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    ARTICLE

    Baroda School

    Map Academy

    Articles are written collaboratively by the EIA editors. More information on our team, their individual bios, and our approach to writing can be found on our About pages. We also welcome feedback and all articles include a bibliography (see below).

    Also known as the Baroda Group of Artists, the Baroda School is an artist group founded in 1956 by NS Bendre, comprising artists associated with the Faculty of Fine Arts, MS University, Baroda (now Vadodara). The School marked a move away from the Revivalist inclinations of groups such as the Bengal School as well as the academic realism practised by European schools. 

    The Faculty of Fine Arts was established in 1949 and developed a pedagogy that encouraged Modernist ideologies and individual self-expression among artists. Bendre joined the Faculty in 1950 and headed the Department of Painting. The School was formed when he and some of his senior students came together with Shanti Dave, GR Santosh and Triloke Kaul to exhibit their works in a group show held in Baroda in 1956. Early members of the group comprised Bendre, KG Subramanyan, Balkrishna Patel, Himmat Shah, Jyoti Bhatt and Ratan Parimoo, among others. They were later joined by Gulammohammed Sheikh, Vinodray Patel and Vinod Shah. 

    Developing simultaneously with Postmodernism in Western art, the Baroda artists were located at the crossroads of tradition and contemporaneity. The group flourished in a multicultural, secular space where art was not restricted to the studio or the curriculum, and the artists developed their skills and artistic language through sketching from life as well as experimenting with the stylistic aspects of movements such as Cubism and abstraction, pop art and Bauhaus. In 1969, the School began publishing Vrischik, a journal edited by Gulammohammed Sheikh and Bhupen Khakhar, which featured essays and debates on contemporary Indian art. They also held a number of exhibitions, the first of which was at the Artists’ Centre, Mumbai (1956). Subsequent exhibitions were held at the Jehangir Art Gallery, Mumbai (1957, 1959); and the Sanskar Kendra, Ahmedabad (1967).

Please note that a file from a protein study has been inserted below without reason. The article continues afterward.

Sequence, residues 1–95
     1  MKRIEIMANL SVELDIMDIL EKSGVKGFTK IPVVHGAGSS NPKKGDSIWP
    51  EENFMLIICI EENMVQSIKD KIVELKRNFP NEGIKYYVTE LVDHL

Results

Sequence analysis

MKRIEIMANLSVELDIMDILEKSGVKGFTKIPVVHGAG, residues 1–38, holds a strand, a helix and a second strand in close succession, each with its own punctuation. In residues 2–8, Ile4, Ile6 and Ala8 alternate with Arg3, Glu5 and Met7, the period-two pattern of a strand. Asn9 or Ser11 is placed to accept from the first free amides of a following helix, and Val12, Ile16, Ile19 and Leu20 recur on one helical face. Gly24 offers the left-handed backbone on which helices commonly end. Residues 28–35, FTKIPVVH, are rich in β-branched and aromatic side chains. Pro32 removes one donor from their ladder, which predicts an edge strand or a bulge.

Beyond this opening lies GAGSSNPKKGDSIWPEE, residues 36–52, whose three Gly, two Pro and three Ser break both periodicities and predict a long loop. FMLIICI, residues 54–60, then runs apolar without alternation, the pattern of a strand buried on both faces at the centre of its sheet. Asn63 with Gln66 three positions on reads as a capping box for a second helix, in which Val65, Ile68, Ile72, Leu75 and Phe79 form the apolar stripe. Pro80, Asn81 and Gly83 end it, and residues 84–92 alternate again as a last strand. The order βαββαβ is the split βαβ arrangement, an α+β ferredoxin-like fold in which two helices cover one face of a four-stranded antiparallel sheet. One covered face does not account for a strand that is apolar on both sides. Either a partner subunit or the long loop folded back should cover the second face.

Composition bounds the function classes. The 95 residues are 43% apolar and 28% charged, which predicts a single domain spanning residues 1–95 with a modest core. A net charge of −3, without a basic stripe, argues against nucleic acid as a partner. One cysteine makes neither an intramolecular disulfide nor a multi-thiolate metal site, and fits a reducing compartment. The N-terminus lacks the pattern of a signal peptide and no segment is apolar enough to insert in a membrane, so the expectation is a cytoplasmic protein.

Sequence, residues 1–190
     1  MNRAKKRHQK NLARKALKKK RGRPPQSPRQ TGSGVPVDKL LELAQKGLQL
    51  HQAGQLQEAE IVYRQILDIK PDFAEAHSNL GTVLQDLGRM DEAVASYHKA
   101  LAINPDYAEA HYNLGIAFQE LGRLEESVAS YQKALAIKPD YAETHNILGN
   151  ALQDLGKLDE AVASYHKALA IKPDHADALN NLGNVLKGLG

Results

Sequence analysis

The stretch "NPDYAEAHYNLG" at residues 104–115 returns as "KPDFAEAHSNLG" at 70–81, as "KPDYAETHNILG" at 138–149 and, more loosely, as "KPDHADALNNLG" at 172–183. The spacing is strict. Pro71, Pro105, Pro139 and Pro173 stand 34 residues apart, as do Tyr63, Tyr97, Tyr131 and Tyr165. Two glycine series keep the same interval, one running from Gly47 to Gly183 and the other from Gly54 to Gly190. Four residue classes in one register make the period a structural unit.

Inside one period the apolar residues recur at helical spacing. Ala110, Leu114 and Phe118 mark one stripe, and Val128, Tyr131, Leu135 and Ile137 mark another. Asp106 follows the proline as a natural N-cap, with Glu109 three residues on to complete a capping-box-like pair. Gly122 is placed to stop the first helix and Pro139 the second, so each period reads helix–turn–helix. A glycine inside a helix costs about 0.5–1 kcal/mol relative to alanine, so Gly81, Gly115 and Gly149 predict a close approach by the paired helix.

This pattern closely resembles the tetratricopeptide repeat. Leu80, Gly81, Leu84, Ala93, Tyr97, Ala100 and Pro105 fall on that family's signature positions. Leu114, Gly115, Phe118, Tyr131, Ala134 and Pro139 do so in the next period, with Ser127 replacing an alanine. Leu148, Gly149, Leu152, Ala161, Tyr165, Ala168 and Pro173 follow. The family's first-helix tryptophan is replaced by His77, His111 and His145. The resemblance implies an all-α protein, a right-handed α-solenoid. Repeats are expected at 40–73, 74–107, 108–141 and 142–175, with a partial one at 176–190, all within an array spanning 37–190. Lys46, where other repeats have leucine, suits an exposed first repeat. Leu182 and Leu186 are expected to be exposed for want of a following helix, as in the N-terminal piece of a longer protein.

The artists drew on many visual sources and incorporated styles and techniques from indigenous and folk art in India with an aim to both document and preserve these styles, as evident in Jyoti Bhatt’s photographs of indigenous communities across western and central India. Bendre’s work combined Asian traditions with Western modernism using various media such as charcoal, crayon, watercolour and oil. He emphasised the three-dimensionality of his subject matter when painting, and his experiments eventually led to a Cubist style. Sankho Chaudhuri was similarly drawn towards the Cubist tendency to deconstruct and reorder form.

    By the 1960s, the artists had begun experimenting with the limits of representation and form, becoming drawn to abstraction, most evident in the works of Gulammohammed Sheikh, Jeram Patel and Raghav Kaneria, who began working with scrap metal to create junk sculpture. The 1980s saw a divergence from abstract modes of expression to the incorporation of narrative, figurative and allegorical elements, primarily in the works of Bhupen Khakhar, Vivan Sundaram and Nalini Malani.

    Members of the group changed over the years, with most members later teaching at the Faculty of Fine Arts while continuing their artistic practice. The Baroda School was a significant presence in Indian art history until the late 1990s, when the Indian art market began to expand and a wider array of artists, many trained by members of the School, began to shape the direction of Indian art in ways that extended beyond the practices at the Faculty. Incidents such as the 2007 controversy are considered to have negatively impacted the Faculty’s autonomy and influence on Indian art.

     
    Bibliography

    Kapur, Geeta. When was Modernism: Essays on Contemporary Cultural Practice in India. New Delhi: Tulika, 2000.

    Parimoo, Ratan. “Baroda School’s Contribution to Contemporary Art Trends,” 1993. Asia Art Archive. https://cdn.aaa.org.hk/_source/digital_collection/fedora_extracted/40744.pdf.

    Roberts, Cleo. “Indian art: The Legacies of the Baroda School.” Art UK, April 28, 2020. https://artuk.org/discover/stories/indian-art-the-legacies-of-the-baroda-school

    https://artuk.org/discover/stories/indian-art-the-legacies-of-the-baroda-school

    Sheikh, Gulammohammed. Contemporary Art in Baroda. New Delhi: Tulika Books, 1997.

    Wyma, Kathleen Lynne. “The Discourse and Practice of Radicalism in Contemporary Indian Art 1960-1990.” University of British Columbia, 2007. https://open.library.ubc.ca/cIRcle/collections/ubctheses/24/items/1.0055986.

     

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